The emphasis on compliance was stepped up in the wake of the fire in a Bangladesh garment factory in 2000 which claimed many lives. But even upto a decade ago, there had been allegations that the factories in Tirupur
were sweat shops that exploited workers, employed child labour and operated under hazardous conditions.
Tirupur, which exports knitwear worth around Rs 25,000-26,000 crore annually, accounts for nearly 46 per cent of India’s knitwear exports. The textile units in this tiny town, which employ around 800,000 people, grew from generating exports worth Rs 75 crore three decades ago to doing business worth nearly Rs 44,000 crore today.
C Govindarajan, a legal advisor for compliance who audits the textile units on behalf of their customers, says eight compliances must be followed under the basic code of conduct, which is part of every global certification related to the running of such factories.
These are: no child labour, no forced labour, no discrimination, equal wages based on categories not based on gender, prescribed working hours, health and safety standards, freedom of association and retrenchment policies. In some cases, individual buyers have their own compliance norms.
Even though the cost of compliance is high — anything between Rs 5 lakh and Rs 5 crore, depending on the size of the company — these units make sure that they follow the norms to keep their customers happy. Today, thanks to buyers doing business with only those who come with the necessary certifications, the evils of child labour, bonded labour, exploitation of women, and unsafe working conditions have been largely eradicated in Tirupur.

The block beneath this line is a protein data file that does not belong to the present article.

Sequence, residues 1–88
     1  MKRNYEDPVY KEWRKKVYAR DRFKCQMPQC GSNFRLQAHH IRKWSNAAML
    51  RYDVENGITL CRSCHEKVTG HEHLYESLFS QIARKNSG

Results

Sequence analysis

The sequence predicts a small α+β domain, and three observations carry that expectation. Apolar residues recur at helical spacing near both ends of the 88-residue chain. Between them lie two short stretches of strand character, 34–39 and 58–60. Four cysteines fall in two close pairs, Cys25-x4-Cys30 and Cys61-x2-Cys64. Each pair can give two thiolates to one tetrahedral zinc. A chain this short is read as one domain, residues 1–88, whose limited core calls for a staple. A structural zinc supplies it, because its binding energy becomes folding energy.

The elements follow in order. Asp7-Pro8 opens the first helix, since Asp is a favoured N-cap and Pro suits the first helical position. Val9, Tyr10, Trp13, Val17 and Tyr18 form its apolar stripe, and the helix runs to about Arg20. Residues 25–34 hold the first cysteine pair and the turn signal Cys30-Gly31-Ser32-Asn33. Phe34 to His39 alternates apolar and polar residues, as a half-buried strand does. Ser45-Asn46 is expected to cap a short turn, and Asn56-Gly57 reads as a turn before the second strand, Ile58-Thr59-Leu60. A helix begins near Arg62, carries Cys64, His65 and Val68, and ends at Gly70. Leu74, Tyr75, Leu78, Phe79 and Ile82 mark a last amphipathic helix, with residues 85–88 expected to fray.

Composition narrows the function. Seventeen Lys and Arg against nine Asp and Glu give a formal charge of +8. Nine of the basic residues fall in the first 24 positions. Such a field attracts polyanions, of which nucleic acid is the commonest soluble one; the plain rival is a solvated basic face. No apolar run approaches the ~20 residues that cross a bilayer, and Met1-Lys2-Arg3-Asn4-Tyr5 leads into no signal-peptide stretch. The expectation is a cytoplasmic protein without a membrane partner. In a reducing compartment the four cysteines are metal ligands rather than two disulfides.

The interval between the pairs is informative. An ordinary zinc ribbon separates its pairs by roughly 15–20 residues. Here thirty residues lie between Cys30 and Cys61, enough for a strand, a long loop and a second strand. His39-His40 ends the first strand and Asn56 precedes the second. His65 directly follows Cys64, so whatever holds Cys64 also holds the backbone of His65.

In fact, industry experts say that from following the law of the land to adapting renewable energy and sustainable manufacturing, the exporters of Tirupur are far ahead of their counterparts in Bangladesh, Vietnam, Cambodia and others.
For the units, the compliance is necessary because export orders are mostly based on their ranks, which are given after audits by cross departments, by buyers and by an external and third party auditor appointed by buyers.
D K S Moorthy, client manager and accreditation auditor, Social Accountability Accreditation Services, an accreditation agency started as an independent department with Social Accountability International (SAI), says that the compliance largely depends on buyers; demand for certification. SAI has established the social certification standard SA8000 for factories and organisations.
Moorthy adds that while there is no big cultural change in terms of operations, there are a few top management personnel who think positively about the benefits of a system-based operation and hence adhere to the standard.
“With the younger generation slowly taking over, the conservative approach is being replaced with a desire for experimentation and innovation,” Moorthy says.
Brussels-based Amfori (formerly Foreign Trade Association), which has developed the Business Social Compliance Initiative to monitor and assesses workplace standards across the global supply chain, says that the operations in factories is improving. The culture shift in recent years has also been spurred by such international guidelines as the ILO Core Conventions, United Nations Guiding Principles on
Business and Human Rights, and Sustainable Development Goals (SDGs).
But there is a cultural shift under way in India too, points out Natasha Majumdar, Amfori Network Representative, India. “The introduction of the National Guidelines on Responsible Business Conduct and the Zero Draft of the National Action Plan a few years ago indicates that compliance is not just a need for foreign exports but is becoming a necessity in the Indian context too,” says Majumdar.